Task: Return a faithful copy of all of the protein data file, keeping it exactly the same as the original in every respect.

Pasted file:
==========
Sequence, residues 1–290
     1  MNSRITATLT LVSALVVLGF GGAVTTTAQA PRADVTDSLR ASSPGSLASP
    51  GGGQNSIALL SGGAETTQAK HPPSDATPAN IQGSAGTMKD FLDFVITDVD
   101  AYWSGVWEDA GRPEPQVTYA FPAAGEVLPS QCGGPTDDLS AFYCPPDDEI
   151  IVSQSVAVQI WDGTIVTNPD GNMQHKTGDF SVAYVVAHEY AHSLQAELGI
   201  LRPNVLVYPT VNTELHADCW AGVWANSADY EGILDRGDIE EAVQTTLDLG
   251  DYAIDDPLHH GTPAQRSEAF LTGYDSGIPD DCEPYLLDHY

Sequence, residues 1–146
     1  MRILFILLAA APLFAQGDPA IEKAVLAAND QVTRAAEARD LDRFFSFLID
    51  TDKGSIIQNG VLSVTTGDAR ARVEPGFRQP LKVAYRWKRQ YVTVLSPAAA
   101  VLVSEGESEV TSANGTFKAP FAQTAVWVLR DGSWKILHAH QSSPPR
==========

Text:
Sequence, residues 1–290
     1  MNSRITATLT LVSALVVLGF GGAVTTTAQA PRADVTDSLR ASSPGSLASP
    51  GGGQNSIALL SGGAETTQAK HPPSDATPAN IQGSAGTMKD FLDFVITDVD
   101  AYWSGVWEDA GRPEPQVTYA FPAAGEVLPS QCGGPTDDLS AFYCPPDDEI
   151  IVSQSVAVQI WDGTIVTNPD GNMQHKTGDF SVAYVVAHEY AHSLQAELGI
   201  LRPNVLVYPT VNTELHADCW AGVWANSADY EGILDRGDIE EAVQTTLDLG
   251  DYAIDDPLHH GTPAQRSEAF LTGYDSGIPD DCEPYLLDHY

Sequence, residues 1–146
     1  MRILFILLAA APLFAQGDPA IEKAVLAAND QVTRAAEARD LDRFFSFLID
    51  TDKGSIIQNG VLSVTTGDAR ARVEPGFRQP LKVAYRWKRQ YVTVLSPAAA
   101  VLVSEGESEV TSANGTFKAP FAQTAVWVLR DGSWKILHAH QSSPPR